The Evil Empire
(Letters, p. 16, Foreign Policy Magazine, March/April 2006)
Michael Mandelbaum's paean to the "benign hegemon" ("David's Friend Goliath," January/February 2006), the United States, is a classic, self-congratulatory text. This dangerous school of thought asserts that the stability of the empire is good for the dominated.
Try telling that to Third-World citizens who live on the edge of poverty, or as refugees from civil wars, because the United States backs cooperative despots. Since 1945, the United States has conducted its relations with the developing world on the principle that elites who cooperate with its economic, military, and covert policies receive cash and guns, while those who fail to do so face destabilization or even invasion.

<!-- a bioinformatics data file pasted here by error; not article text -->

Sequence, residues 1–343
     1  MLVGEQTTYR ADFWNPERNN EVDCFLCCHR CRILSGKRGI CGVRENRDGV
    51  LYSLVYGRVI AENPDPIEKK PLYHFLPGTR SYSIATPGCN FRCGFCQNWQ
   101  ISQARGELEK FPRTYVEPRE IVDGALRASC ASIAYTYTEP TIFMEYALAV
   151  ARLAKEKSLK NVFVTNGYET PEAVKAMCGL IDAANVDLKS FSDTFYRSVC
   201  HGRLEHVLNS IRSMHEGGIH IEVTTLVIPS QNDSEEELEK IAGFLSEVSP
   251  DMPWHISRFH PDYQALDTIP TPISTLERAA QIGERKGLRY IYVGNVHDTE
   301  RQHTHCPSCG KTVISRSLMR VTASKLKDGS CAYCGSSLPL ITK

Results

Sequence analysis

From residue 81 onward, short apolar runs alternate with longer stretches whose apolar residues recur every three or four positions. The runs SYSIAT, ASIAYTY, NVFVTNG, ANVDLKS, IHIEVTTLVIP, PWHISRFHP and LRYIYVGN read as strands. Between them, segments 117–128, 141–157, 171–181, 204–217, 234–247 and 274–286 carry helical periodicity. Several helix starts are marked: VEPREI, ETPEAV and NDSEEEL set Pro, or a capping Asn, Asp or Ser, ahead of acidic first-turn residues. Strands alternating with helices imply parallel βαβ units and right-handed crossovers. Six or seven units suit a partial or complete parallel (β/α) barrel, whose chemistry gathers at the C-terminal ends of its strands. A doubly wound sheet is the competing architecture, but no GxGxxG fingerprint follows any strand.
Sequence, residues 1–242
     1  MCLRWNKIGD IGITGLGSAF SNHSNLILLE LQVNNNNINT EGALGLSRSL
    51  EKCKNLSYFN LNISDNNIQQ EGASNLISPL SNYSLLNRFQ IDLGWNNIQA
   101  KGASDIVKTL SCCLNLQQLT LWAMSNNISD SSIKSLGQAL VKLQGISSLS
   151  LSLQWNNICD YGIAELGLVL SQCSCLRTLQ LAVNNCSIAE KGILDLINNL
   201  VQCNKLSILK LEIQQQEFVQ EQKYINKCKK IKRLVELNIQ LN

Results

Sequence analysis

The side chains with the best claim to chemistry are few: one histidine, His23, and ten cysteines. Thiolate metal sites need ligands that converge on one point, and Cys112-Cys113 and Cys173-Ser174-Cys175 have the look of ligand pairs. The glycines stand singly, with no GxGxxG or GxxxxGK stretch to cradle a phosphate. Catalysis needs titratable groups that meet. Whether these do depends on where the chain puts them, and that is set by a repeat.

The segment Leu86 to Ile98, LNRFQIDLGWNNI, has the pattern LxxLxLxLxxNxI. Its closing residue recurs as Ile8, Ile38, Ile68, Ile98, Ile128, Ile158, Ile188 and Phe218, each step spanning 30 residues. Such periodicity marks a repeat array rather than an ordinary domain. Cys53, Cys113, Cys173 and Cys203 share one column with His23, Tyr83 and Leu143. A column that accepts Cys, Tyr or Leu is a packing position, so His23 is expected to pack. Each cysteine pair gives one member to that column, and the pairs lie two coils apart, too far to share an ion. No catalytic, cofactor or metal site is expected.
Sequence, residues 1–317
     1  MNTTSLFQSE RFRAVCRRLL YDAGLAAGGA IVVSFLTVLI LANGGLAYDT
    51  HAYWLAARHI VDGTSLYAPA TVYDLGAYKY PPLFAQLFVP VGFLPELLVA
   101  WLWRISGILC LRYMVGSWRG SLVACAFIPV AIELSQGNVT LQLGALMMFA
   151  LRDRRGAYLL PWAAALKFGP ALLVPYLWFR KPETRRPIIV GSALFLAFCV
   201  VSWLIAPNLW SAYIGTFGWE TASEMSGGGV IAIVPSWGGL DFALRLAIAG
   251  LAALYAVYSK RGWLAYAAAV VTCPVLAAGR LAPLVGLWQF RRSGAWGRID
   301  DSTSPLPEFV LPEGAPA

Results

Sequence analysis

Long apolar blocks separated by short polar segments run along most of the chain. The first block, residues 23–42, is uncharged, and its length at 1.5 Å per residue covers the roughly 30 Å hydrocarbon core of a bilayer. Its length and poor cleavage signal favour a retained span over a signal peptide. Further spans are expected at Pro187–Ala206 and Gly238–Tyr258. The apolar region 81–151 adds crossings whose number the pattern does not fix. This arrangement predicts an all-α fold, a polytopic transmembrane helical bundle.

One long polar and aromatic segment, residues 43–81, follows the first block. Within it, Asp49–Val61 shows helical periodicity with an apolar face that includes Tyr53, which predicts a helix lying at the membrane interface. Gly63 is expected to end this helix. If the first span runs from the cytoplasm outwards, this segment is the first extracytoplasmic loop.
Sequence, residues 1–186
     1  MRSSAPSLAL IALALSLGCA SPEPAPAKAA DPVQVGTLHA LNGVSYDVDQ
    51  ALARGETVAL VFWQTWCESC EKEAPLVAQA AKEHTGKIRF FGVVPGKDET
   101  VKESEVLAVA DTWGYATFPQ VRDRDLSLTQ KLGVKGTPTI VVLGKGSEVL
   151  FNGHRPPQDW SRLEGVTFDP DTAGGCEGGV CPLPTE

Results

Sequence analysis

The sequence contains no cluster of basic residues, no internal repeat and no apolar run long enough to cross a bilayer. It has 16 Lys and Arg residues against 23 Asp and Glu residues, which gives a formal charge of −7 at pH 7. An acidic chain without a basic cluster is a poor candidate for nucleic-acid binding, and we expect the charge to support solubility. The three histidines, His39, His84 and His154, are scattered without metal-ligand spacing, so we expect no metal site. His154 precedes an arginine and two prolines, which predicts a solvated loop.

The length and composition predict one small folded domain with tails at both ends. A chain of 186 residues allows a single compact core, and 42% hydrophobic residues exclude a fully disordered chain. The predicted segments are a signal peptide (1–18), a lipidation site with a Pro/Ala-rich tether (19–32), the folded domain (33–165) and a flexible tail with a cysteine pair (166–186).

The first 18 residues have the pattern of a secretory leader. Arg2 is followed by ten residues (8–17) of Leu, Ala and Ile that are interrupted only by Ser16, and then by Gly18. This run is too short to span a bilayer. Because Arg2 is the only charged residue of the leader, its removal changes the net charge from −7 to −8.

From Angola to Zaire - with Liberia, Somalia, and Sudan in between - civil wars involving U.S. clients have devastated African economies, leaving millions dead and millions more displaced. As the leading supplier of arms and training to nondemocratic regimes, the United States continues to create the conditions for such disasters.
Exceptionalism, the belief that one's nation is uniquely altruistic in its motivations and beneficial in its ministrations, ought to be a disease of the body politic, not academia. It is certainly comforting for Americans to be told that "the alternative to the role the United States plays in the world…would make the world a far more dangerous and less prosperous place." But it is a false dichotomy that neglects the billions of people who live in poverty. A more meaningful choice is between U.S. dominance and solidarity with other peoples and nations. Choosing solidarity requires a reduction in U.S. military power, an end to support for dictators, and economic strategies that allow true competition.
Caleb Stewart Rossiter
Assistant Professor, School of International Service, American University, Washington, D.C.